Early beliefs about epilepsy included the idea that seizures resulted from demons, spirits and angry gods. Unfortunately, despite advances in modern medicine, epilepsy continues to be misunderstood. This lack of understanding leads to discrimination and social stigmas that, in addition to an increased risk of injury and economic instability, create significant burdens on those with epilepsy. Fear of people finding out about the disorder results in suffering from not seeking treatment, children facing psychological problems caused by bullying and teasing, and restrictions placed on driving and employment opportunities limiting independence.
Epilepsy affects all races, ages and genders. It is most frequently diagnosed in children, adolescents and older adults. Although epilepsy has no cure, treatments are available, and people with epilepsy can lead normal productive lives.
In March 2012, the Institute of Medicine (IOM) presented a report to the Senate titled Epilepsy Across the Spectrum: Promoting Health and Understanding. Composed by professionals and organizations who work in this specialty, this comprehensive report provides recommendations aimed at improving the lives of people with epilepsy. Keck Medicine of USC physician. Christianne Heck, MD, served as an IOM committee board member.
The brain controls all functions of the body.
Two types of cells make up the brain – neurons and glial cells. Neurons are nerve cells that communicate messages from the body about functions, senses and emotions. Glial cells support and protect neurons. Messages are sent through specialized networks of neurons using chemical and electrical signals.
Chemical signals are dispatched by substances known as neurotransmitters. They are released by neurons and target receptors in other cells or neurons. Electrical messages are conveyed when the voltage of the neuron is altered by ions such as calcium, potassium and sodium. Any disruption in these pathways will lead to abnormal brain activity.
A seizure results when abnormal electrical activity of the brain temporarily alters behavior.
Seizures can occur for many different reasons and can vary greatly in their appearance. Two or more unprovoked seizures can suggest epilepsy. A diagnosis is made by a physician based on many factors, such as results of diagnostic tests, symptoms and cause of seizures.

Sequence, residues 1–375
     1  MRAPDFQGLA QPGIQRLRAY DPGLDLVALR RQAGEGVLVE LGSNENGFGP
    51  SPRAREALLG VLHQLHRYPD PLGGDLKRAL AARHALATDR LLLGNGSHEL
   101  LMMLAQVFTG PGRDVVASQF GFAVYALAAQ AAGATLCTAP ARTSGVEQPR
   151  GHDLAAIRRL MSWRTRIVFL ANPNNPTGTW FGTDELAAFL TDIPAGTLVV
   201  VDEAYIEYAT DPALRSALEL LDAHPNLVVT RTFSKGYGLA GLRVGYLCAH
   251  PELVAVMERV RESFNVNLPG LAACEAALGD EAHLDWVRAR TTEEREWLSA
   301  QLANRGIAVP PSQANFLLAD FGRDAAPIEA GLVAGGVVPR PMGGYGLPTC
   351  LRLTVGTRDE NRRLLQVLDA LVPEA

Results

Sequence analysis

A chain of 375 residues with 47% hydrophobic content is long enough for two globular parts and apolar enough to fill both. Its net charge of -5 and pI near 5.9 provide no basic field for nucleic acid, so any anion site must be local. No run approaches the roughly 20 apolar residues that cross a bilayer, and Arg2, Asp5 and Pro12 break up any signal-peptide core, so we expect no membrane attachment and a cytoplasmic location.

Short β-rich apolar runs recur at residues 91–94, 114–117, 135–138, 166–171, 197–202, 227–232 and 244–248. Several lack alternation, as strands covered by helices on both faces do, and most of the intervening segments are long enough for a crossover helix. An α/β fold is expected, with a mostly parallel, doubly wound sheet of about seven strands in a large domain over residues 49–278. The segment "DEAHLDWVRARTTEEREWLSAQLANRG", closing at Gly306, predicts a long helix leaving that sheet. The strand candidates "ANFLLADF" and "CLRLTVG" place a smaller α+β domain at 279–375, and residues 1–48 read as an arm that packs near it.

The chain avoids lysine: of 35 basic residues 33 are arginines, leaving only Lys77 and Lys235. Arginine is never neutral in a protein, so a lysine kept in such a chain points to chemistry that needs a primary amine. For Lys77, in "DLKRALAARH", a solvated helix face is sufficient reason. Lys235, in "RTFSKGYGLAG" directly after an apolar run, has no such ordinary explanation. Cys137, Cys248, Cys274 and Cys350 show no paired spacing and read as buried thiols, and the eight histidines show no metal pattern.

The location of abnormal activity in the brain and how it spreads will determine the features of the seizure. A seizure can affect functions such as movements, thoughts and consciousness; as a result, many types of seizures exist.
Seizure types have been categorized by the International League Against Epilepsy (ILAE) into two groups, based upon where the seizures start in the brain and if consciousness is impaired.
Partial seizures begin in a single area of the brain and are subdivided further into simple partial and complex partial, according to how much consciousness is impaired during the seizure. During a simple partial seizure, the person’s awareness remains intact. During a complex partial seizure, consciousness is altered. Both of these seizure types can progress to generalized seizures, also referred as secondary generalized seizures.
Generalized seizures begin in both sides of the brain and quickly spread; consciousness is lost at the beginning of the seizure. These seizures are also subdivided into several types. See ILAE.org for more details about seizure classifications. [link]
Usually seizures last from a few seconds to minutes. Seizures that do not stop are known as status epilepticus. It is a very serious condition requiring immediate medical attention. If you see someone enduring a seizure lasting longer than a few minutes, you should call 911 for emergency assistance.
Seizures are caused by abnormal brain activity, which is diagnosed by an EEG. Non-epileptic seizures physically look like seizures but do not show abnormal brain activity on an EEG. These are known as pseudo seizures.
Causes of epileptic and non-epileptic seizures
The majority of epilepsy cases diagnosed are classified as idiopathic or primary epilepsy, which means no known cause can be found. If a cause for seizures can be identified, this is known as symptomatic or secondary epilepsy.
Specific conditions known to cause damage to the brain have been identified as risk factors to developing epilepsy.
- Congenital birth defects
- Birthing difficulties
- Head traumas
- Infections affecting the brain
- Tumors affecting the brain
- Cerebral vascular disease
Genetic links have been identified with some types of epilepsy, and a family history of epilepsy also has been identified as a risk factor.
Seizures can occur either at the time of an injury, or months or even years after the injury. Seizures that take place at the onset of injury are known as acute symptomatic seizures. Those that start after a period of time are known as remote symptomatic seizures.
Types of Epilepsy
An epilepsy syndrome refers to a specific diagnosis determined by various details. Information required for this diagnosis includes not only seizure types but also severity, time of day of occurrence, age of onset, causes and seizure triggers. Clinical data from EEGs, results of diagnostic tests and full medical history prove valuable as well. It is important to find the right diagnosis to ensure that correct treatment is established.
In addition, determining the type of syndrome can provide useful information about the characteristics of the disorder, such as if seizures will lessen or not, and what treatments will work best. Genetic links also can be identified in certain epilepsy syndromes.